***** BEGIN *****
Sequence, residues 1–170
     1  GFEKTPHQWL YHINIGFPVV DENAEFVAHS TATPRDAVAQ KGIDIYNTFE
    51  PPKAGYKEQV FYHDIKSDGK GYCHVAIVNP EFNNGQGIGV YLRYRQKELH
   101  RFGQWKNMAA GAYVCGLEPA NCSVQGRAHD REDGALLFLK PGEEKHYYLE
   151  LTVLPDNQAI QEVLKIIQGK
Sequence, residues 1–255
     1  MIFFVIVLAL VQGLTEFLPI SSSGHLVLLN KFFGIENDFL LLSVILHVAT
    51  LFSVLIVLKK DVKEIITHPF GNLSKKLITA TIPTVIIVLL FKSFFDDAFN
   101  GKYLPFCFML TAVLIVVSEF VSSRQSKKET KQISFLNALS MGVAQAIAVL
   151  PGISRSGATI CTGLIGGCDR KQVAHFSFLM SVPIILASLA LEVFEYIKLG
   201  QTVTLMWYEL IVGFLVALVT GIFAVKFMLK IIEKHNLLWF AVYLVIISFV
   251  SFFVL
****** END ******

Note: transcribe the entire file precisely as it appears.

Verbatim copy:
Sequence, residues 1–170
     1  GFEKTPHQWL YHINIGFPVV DENAEFVAHS TATPRDAVAQ KGIDIYNTFE
    51  PPKAGYKEQV FYHDIKSDGK GYCHVAIVNP EFNNGQGIGV YLRYRQKELH
   101  RFGQWKNMAA GAYVCGLEPA NCSVQGRAHD REDGALLFLK PGEEKHYYLE
   151  LTVLPDNQAI QEVLKIIQGK
Sequence, residues 1–255
     1  MIFFVIVLAL VQGLTEFLPI SSSGHLVLLN KFFGIENDFL LLSVILHVAT
    51  LFSVLIVLKK DVKEIITHPF GNLSKKLITA TIPTVIIVLL FKSFFDDAFN
   101  GKYLPFCFML TAVLIVVSEF VSSRQSKKET KQISFLNALS MGVAQAIAVL
   151  PGISRSGATI CTGLIGGCDR KQVAHFSFLM SVPIILASLA LEVFEYIKLG
   201  QTVTLMWYEL IVGFLVALVT GIFAVKFMLK IIEKHNLLWF AVYLVIISFV
   251  SFFVL